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And in any case, there will always be no-shows. Why would the company want to turn away an Anytime Single fare who is happy to try and pick off a seat that someone's not turned up for?

I've boarded "fully reserved" trains on many occasions and miraculously found a single seat by itself unoccupied because such a large proportion of the reservations are made without much likelihood of ever being used.
Yep - I reserved a seat on the LNER website for both sat and Sunday 2 weeks before I was travelling and before I bought my super off peak ticket (which I purchased at the station 5 mins before start of journey which commenced with another TOC). This was to ensure I was not denied boarding due to a train being full (I was not aware of their policy change).

On the Saturday I decided to travel and then cancelled the Sunday reservation (but I could have just not bothered) approx 15 hours before train departure. On the Saturday I made a prompter connection on to a Hull Trains service, fancied the HT 1st class upgrade at £5 cheaper than the LNER equivalent train 10 mins later. Could not cancel my LNER reservation in that 10 min window as I don't have a smart phone.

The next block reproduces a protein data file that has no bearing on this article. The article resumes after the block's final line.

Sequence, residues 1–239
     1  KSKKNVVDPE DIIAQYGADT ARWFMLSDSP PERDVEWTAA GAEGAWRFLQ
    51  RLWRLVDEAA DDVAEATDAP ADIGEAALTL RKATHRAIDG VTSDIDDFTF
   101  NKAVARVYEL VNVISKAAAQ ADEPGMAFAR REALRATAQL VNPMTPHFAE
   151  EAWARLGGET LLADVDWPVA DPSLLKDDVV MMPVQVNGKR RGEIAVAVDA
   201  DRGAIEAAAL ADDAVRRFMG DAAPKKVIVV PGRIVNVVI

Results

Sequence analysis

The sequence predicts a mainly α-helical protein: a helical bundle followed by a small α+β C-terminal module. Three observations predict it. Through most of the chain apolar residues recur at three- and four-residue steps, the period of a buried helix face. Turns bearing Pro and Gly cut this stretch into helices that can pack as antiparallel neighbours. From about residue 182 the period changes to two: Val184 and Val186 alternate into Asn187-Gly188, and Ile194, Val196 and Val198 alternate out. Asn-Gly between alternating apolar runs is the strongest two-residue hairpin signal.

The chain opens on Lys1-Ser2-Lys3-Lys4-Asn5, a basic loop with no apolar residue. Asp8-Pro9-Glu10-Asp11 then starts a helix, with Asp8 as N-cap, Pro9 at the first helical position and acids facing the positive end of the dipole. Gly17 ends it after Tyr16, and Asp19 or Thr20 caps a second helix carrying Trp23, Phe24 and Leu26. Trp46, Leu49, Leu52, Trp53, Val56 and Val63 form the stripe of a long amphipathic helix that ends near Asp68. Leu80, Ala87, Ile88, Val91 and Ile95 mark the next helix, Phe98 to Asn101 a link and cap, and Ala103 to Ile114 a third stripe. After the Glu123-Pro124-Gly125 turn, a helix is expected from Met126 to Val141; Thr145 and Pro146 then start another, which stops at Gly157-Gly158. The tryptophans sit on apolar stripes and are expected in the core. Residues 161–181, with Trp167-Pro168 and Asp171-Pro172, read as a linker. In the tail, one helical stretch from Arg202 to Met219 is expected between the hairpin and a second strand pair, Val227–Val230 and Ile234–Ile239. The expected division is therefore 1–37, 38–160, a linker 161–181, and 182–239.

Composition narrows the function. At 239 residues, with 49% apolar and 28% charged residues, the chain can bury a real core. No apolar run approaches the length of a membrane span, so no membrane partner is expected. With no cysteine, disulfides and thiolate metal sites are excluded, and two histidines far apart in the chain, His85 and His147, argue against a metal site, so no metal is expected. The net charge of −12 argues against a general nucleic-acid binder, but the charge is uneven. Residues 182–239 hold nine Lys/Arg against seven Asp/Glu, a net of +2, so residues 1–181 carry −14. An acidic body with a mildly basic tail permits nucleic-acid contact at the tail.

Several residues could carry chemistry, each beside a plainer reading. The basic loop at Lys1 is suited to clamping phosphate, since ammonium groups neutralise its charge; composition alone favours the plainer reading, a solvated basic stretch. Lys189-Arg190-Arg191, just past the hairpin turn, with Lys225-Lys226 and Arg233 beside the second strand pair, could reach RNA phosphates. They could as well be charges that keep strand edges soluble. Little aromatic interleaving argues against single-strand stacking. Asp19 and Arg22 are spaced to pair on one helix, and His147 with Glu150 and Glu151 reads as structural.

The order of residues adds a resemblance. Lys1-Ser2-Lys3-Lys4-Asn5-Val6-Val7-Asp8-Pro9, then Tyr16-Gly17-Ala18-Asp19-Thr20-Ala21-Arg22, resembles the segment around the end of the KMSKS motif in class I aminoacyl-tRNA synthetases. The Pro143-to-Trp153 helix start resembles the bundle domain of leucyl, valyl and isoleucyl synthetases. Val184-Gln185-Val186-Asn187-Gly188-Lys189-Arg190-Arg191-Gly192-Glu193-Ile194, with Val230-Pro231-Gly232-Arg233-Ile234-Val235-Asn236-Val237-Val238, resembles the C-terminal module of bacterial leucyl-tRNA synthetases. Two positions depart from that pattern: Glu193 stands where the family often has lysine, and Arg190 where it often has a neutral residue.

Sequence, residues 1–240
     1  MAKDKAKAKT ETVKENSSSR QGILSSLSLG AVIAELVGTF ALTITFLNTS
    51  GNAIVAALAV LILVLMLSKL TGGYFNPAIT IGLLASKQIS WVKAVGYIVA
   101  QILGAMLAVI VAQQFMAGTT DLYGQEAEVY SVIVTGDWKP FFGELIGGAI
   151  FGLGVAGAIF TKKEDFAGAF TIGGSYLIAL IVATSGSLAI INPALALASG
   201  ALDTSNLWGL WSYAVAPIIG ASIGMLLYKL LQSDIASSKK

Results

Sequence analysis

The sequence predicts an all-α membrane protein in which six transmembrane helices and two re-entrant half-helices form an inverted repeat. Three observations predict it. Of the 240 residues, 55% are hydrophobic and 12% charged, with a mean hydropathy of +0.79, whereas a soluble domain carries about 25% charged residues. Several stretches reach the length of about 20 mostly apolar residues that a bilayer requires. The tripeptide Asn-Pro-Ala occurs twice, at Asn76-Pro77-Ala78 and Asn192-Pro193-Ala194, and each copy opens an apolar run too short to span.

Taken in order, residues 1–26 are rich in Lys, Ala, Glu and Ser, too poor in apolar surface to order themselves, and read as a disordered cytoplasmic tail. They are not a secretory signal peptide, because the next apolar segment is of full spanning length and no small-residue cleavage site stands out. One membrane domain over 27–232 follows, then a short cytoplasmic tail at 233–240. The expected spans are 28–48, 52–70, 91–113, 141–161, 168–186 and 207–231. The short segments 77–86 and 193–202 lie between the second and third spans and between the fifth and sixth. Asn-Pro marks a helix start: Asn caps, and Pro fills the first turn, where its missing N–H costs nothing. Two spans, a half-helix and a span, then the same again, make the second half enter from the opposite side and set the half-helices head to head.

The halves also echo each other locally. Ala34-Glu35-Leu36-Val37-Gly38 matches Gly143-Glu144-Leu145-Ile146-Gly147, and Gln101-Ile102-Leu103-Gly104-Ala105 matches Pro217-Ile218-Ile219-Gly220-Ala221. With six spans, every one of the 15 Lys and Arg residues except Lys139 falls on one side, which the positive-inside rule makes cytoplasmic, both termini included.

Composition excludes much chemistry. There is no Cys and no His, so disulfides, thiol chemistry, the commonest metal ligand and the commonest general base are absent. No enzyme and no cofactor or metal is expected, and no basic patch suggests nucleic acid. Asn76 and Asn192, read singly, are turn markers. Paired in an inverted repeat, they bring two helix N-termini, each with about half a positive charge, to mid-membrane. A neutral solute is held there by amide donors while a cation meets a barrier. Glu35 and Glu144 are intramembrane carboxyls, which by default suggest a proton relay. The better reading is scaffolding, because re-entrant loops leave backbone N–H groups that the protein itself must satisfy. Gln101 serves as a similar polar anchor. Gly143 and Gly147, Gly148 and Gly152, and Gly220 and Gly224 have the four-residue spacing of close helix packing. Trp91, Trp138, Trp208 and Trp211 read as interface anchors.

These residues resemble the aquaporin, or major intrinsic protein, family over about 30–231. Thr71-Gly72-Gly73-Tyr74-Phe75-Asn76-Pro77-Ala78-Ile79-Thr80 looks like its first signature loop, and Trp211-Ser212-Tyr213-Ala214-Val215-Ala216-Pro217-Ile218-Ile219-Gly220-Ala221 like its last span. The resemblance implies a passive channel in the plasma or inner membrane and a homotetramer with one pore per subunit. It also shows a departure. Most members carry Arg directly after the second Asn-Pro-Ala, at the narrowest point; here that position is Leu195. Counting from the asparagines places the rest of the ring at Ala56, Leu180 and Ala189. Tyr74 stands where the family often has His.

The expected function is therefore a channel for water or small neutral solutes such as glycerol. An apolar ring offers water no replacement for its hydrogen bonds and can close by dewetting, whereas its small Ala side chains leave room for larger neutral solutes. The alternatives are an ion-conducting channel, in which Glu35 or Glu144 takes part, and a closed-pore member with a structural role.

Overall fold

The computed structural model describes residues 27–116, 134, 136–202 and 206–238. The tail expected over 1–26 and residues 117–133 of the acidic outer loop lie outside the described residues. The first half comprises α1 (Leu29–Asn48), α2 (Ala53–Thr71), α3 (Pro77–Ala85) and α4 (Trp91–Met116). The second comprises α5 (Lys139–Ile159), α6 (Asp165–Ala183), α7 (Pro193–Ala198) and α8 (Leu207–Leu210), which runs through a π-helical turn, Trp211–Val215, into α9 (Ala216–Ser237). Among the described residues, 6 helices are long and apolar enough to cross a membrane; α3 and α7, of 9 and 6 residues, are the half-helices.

End result - an empty seat on a train that might in theory have shown as 'fully booked'.
 

Bikeman78

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And in any case, there will always be no-shows. Why would the company want to turn away an Anytime Single fare who is happy to try and pick off a seat that someone's not turned up for?

I've boarded "fully reserved" trains on many occasions and miraculously found a single seat by itself unoccupied because such a large proportion of the reservations are made without much likelihood of ever being used.